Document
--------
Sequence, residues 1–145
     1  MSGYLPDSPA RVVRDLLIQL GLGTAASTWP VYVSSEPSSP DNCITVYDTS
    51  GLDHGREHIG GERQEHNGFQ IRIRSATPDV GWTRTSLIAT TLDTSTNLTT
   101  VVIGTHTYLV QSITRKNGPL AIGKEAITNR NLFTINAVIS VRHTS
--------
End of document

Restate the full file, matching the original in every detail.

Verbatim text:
Sequence, residues 1–145
     1  MSGYLPDSPA RVVRDLLIQL GLGTAASTWP VYVSSEPSSP DNCITVYDTS
    51  GLDHGREHIG GERQEHNGFQ IRIRSATPDV GWTRTSLIAT TLDTSTNLTT
   101  VVIGTHTYLV QSITRKNGPL AIGKEAITNR NLFTINAVIS VRHTS